Does a 3D shape based method diﬀer from a molecular descriptor based similarity in its ability to predict biological activity?
Similarity of molecular structures is data-set dependent. The DTP’s NC60 panel is a collection of 60 cancerous cell lines maintained by the National Cancer Institute (NCI). Since 1990 tens of thousands of chemical compounds and natural products have been screened against these cells providing a vast repository of molecules for which both toxicity data and structural information are available. In our work, pairwise structural and biological activity similarities were calculated on a set of selected DTP agents to quantify how well structure similarity predicts related patterns in the toxicity data. In total, we found that the capacity of all tested structural metrics are comparable in terms of indicating biological activity similarity.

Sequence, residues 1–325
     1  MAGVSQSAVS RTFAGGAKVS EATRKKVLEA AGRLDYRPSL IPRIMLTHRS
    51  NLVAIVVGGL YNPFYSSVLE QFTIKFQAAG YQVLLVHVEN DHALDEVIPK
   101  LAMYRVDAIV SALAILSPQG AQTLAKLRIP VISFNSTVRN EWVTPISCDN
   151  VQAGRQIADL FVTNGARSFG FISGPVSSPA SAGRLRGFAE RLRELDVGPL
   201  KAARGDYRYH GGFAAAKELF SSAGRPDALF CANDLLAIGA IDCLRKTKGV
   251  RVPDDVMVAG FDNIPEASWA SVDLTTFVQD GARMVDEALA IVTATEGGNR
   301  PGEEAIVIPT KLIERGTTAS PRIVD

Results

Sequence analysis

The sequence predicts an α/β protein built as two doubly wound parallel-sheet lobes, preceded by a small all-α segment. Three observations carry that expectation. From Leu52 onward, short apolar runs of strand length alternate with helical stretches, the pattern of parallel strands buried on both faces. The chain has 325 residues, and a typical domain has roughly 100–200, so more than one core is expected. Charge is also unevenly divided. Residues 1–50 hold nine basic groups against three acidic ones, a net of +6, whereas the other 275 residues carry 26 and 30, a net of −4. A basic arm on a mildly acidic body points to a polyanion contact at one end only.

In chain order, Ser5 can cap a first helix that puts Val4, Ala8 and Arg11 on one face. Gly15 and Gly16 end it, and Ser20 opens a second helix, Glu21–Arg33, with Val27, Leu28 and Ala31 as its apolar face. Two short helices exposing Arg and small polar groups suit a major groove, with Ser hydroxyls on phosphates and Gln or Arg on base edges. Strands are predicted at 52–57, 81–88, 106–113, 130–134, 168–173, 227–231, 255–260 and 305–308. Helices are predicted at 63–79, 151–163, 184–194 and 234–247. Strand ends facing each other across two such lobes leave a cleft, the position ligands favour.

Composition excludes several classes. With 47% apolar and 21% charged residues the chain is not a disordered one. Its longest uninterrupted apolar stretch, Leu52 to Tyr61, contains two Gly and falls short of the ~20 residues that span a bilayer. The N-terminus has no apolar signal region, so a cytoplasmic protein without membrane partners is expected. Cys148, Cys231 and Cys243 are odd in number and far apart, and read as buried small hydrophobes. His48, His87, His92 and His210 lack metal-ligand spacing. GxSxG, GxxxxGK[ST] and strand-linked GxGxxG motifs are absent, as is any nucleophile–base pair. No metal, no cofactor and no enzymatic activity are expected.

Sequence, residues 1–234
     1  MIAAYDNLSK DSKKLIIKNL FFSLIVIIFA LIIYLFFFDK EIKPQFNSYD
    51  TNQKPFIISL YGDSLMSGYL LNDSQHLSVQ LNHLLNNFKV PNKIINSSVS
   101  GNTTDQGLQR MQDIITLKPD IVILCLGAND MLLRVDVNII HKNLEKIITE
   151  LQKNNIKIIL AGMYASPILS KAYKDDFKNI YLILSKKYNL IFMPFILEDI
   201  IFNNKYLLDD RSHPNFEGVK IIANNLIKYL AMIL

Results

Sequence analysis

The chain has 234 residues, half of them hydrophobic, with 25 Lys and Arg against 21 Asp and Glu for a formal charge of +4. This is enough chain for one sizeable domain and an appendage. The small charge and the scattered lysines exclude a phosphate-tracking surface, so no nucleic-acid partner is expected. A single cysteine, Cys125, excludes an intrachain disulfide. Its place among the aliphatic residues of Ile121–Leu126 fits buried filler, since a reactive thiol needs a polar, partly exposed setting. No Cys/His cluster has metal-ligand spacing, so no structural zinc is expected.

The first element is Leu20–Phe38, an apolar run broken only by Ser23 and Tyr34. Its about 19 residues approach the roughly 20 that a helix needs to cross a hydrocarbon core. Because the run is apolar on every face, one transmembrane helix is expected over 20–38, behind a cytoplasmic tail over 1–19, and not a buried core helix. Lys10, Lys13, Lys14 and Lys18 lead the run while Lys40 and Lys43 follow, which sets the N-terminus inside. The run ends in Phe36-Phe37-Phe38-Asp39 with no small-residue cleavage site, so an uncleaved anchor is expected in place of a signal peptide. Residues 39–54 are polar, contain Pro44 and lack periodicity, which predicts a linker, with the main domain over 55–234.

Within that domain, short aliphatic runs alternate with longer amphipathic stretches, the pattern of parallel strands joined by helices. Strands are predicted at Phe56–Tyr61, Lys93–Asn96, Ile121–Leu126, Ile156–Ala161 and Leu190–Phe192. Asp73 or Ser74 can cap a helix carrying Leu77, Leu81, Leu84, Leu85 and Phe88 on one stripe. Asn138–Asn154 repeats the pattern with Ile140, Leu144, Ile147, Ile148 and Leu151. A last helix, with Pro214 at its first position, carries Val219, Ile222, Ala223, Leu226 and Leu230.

However, the set of agent pairs displaying both structural and biological activity similarities are slightly distinct in the case of the different metrics. The group of compound pairs exhibiting 3D shape and biological activity but not molecular descriptor based similarities are of special interest: among them, scaffold hopping molecule pairs are expected. The toxicity patterns of these molecule pairs are analogous by definition, they also display analogous 3D shapes as ensured by the 3D shape based similarity, but their core structures are likely to be different because of the dissimilarity in the molecular descriptor based metric. Hence they are likely to exhibit scaffold hopping, an approach defined by similar biological activities of different molecular backbones. Scaffold hopping candidates around FDA approved DTP agents were collected, since a scaffold hopping analogue of an active compound may exhibit better physicochemical and pharmacokinetic properties while retaining the original potency thus providing a new direction for further optimization.